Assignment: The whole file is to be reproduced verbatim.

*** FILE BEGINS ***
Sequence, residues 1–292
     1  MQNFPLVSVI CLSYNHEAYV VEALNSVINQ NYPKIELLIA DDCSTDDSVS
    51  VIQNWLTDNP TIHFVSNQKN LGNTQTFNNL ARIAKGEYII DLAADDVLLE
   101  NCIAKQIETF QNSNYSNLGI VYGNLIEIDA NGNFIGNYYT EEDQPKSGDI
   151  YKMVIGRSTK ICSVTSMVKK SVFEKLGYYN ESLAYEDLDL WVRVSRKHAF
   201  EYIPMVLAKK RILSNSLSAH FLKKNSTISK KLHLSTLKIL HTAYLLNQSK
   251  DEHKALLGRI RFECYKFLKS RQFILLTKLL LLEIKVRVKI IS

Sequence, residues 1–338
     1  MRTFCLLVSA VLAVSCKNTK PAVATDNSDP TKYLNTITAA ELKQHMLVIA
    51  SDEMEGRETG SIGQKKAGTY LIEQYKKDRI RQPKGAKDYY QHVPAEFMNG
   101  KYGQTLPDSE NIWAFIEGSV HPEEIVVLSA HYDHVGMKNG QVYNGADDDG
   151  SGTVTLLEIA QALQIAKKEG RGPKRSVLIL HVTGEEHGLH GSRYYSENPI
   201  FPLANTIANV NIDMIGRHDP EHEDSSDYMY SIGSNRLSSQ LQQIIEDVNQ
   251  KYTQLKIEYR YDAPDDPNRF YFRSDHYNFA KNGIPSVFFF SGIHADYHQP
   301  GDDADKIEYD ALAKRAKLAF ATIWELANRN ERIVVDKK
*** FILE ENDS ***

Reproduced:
Sequence, residues 1–292
     1  MQNFPLVSVI CLSYNHEAYV VEALNSVINQ NYPKIELLIA DDCSTDDSVS
    51  VIQNWLTDNP TIHFVSNQKN LGNTQTFNNL ARIAKGEYII DLAADDVLLE
   101  NCIAKQIETF QNSNYSNLGI VYGNLIEIDA NGNFIGNYYT EEDQPKSGDI
   151  YKMVIGRSTK ICSVTSMVKK SVFEKLGYYN ESLAYEDLDL WVRVSRKHAF
   201  EYIPMVLAKK RILSNSLSAH FLKKNSTISK KLHLSTLKIL HTAYLLNQSK
   251  DEHKALLGRI RFECYKFLKS RQFILLTKLL LLEIKVRVKI IS

Sequence, residues 1–338
     1  MRTFCLLVSA VLAVSCKNTK PAVATDNSDP TKYLNTITAA ELKQHMLVIA
    51  SDEMEGRETG SIGQKKAGTY LIEQYKKDRI RQPKGAKDYY QHVPAEFMNG
   101  KYGQTLPDSE NIWAFIEGSV HPEEIVVLSA HYDHVGMKNG QVYNGADDDG
   151  SGTVTLLEIA QALQIAKKEG RGPKRSVLIL HVTGEEHGLH GSRYYSENPI
   201  FPLANTIANV NIDMIGRHDP EHEDSSDYMY SIGSNRLSSQ LQQIIEDVNQ
   251  KYTQLKIEYR YDAPDDPNRF YFRSDHYNFA KNGIPSVFFF SGIHADYHQP
   301  GDDADKIEYD ALAKRAKLAF ATIWELANRN ERIVVDKK